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IoMTSF: Child Protection In Shooting
 SAFEGUARDING AND PROTECTING CHILDREN IN SHOOTING Print version  

The advice offered here should also be applied in the case of vulnerable adults

Introduction


Safeguarding and protecting children is an important issue.  It crosses all activities and is particularly important in sport where the potential for close and personal contact between coaches and competitors is high.  In consequence, the Isle of Man Target Shooting Federation has drawn up this document which sets out a policy for child protection in shooting and gives advice for clubs and individuals to follow to ensure the policy is put in practice.

Everyone in the sport of shooting in the Isle of Man has a part to play in looking after children with whom they are working.  This is both a moral and legal obligation.  People have a responsibility to report genuine concerns and, where suspicion or allegation of abuse takes place, to take such matters seriously and respond swiftly and appropriately.  Abuse can occur anywhere children gather: in the home, at school, in the park or while engaged in sport.  Sadly, there are people who will actively become involved with sport simply to be near children and to harm them.  

In other circumstances, when a child has been subject to abuse outside the sporting environment, sport can play a crucial role in improving the child’s self-esteem.  There are many ways in which good practice in child protection can support the welfare of children. To be effective it is essential that this policy not only exists but is actively pursued.  In fact, it is a condition of membership of the Isle of Man Target Shooting Federation that its constituent bodies must ensure that the clubs and individuals for which they, in turn, are responsible adhere actively to the policy.  

To this end everyone involved in shooting needs to see and understand this document.  Member bodies and clubs are asked to make sure the document is discussed openly and widely within their organizations and is actively adopted by them as part of their own constitutional procedures.

Aim

This policy is designed to provide a safe and secure environment for both children and adults involved in shooting in the Isle of Man.  To achieve this clubs and individuals must recognize that:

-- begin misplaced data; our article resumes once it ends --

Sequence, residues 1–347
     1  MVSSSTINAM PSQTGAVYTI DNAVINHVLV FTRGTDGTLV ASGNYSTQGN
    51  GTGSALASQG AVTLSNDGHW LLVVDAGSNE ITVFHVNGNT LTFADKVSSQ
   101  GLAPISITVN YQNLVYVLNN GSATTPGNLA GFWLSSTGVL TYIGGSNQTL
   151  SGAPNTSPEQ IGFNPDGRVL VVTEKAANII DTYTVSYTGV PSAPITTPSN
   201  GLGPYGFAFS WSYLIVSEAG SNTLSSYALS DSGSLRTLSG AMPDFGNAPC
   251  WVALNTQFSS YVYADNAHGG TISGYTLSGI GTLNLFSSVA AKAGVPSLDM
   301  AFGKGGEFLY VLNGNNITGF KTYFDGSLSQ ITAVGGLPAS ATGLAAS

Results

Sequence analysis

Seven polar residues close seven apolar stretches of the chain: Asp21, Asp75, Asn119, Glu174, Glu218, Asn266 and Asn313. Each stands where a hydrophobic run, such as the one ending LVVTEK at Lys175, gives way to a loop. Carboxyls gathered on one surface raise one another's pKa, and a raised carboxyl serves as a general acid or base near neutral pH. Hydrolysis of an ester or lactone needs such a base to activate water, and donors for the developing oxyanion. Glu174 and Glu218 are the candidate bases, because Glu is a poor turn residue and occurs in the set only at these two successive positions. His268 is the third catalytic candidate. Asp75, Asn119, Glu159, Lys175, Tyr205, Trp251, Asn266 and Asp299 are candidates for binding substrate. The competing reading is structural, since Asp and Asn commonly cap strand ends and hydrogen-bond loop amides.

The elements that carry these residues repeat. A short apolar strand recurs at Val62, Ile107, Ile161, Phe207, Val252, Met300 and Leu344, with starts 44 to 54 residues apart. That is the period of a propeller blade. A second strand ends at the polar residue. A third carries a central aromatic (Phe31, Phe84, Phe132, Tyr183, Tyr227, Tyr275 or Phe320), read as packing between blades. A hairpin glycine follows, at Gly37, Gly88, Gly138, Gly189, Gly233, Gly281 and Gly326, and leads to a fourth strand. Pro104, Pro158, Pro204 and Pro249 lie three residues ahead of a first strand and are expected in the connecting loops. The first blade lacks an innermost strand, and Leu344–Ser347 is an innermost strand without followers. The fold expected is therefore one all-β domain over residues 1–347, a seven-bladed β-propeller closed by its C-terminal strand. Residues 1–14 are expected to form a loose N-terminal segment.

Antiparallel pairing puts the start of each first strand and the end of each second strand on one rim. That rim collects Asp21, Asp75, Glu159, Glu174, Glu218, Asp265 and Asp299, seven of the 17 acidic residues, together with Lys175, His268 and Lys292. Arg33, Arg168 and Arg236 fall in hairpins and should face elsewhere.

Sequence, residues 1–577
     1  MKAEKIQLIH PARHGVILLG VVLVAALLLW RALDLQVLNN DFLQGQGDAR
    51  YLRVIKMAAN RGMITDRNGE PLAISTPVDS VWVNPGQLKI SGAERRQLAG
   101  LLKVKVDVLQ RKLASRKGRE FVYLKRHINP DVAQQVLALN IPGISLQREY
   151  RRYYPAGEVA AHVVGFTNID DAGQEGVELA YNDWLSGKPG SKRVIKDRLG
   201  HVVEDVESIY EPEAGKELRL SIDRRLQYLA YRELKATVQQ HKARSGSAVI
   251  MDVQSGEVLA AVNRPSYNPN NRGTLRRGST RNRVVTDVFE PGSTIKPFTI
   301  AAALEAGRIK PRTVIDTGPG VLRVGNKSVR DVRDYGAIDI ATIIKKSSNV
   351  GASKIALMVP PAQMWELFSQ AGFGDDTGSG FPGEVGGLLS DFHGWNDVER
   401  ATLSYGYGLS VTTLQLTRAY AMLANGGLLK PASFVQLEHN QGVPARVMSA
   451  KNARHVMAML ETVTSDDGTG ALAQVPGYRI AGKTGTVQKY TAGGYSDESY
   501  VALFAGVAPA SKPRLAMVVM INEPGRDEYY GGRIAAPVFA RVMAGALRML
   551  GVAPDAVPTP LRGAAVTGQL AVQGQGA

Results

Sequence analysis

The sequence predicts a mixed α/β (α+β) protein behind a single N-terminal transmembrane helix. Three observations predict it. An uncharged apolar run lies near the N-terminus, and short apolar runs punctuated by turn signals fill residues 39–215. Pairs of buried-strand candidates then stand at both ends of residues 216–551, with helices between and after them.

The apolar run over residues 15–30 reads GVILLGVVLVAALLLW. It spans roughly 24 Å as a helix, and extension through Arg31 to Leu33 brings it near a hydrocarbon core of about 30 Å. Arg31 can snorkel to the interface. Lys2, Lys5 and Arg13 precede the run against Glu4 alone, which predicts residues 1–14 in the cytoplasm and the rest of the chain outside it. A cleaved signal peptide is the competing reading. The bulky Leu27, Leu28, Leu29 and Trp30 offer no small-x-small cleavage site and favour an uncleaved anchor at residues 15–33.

• the welfare of the child is the paramount consideration, and

  • all children, regardless of age, racial origin, disability, religious belief, gender or sexual identity have the right to be protected from abuse.

For the purposes of this policy a child is defined as a person under the age of 18. 

Forms of Abuse

While these descriptions are necessarily general, and abuse can take many forms, they nevertheless highlight the four main types of abuse: physical, sexual, emotional and neglect.  It should also be borne in mind that abuse may be inflicted by women as well as men.

Physical Abuse is just what the term implies: hurting or injuring a child, for example, by hitting or shaking.  It might also occur if a child is forced to train beyond his or her capabilities.  Bullying should also be watched for in this category.

Sexual Abuse occurs when a child knowingly or unknowingly takes part in something which meets the sexual needs of the other person or persons involved.  It could range from sexually suggestive comments to actual intercourse.

Emotional Abuse occurs when a child is not given love, help and encouragement and is constantly derided or ridiculed or, perhaps even worse, ignored.  Conversely, it can also occur if a child is over-protected.  It is present in the unrealistic expectations of parents and coaches as to what a child can achieve.  Racially and sexually abusive remarks constitute emotional abuse and it can be a feature of bullying.

Neglect usually means failing to meet children’s basic needs such as food, warmth, adequate clothing, medical attention, etc.  It can also mean failing to ensure they are safe or exposing them to harm.

Indications of Child Abuse

Recognising child abuse is not always easy, even for experts.  The following examples are not exhaustive and they are only indicators - not confirmation.

Information  -  The child says that she or he is being abused, or another person says they believe (or actually know) that abuse is taking place. 

Injuries  -  The child has an injury for which the explanation seems inconsistent.

Behaviour Changes  -  The child’s behaviour changes, either over time or quite suddenly, and he or she becomes quiet and withdrawn, or alternatively becomes aggressive.

Reaction to Others  -  The child appears not to trust adults – for example, a parent or coach with whom she or he would be expected to have, or once had, a close relationship – and does not seem to be able to make friends.

Appearance  -  The child becomes increasingly neglected-looking, or loses or puts on weight for no apparent reason.

Sexual Awareness  -  The child shows inappropriate sexual awareness for his or her age and sometimes behaves in a sexually explicit way. It should be borne in mind that physically disabled children and children with learning difficulties are particularly vulnerable to abuse and may have added difficulties in communicating what is happening to them. 

Good Practice when Dealing with Children in Shooting